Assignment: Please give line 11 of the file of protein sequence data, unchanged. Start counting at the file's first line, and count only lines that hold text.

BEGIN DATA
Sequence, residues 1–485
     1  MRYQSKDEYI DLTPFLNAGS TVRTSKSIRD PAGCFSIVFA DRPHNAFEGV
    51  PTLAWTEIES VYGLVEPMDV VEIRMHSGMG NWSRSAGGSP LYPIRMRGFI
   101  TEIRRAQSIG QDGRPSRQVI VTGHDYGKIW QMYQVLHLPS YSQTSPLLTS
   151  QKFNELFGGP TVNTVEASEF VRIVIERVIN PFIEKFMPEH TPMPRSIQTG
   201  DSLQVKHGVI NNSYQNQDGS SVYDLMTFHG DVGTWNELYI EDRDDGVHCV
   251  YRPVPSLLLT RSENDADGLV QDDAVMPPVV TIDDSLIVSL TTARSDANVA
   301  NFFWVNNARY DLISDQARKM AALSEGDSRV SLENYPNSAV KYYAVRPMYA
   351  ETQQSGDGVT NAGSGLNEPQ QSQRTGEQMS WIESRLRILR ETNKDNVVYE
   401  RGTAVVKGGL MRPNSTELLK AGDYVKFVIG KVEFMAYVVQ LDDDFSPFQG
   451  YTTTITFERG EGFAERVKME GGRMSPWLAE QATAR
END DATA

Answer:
   451  YTTTITFERG EGFAERVKME GGRMSPWLAE QATAR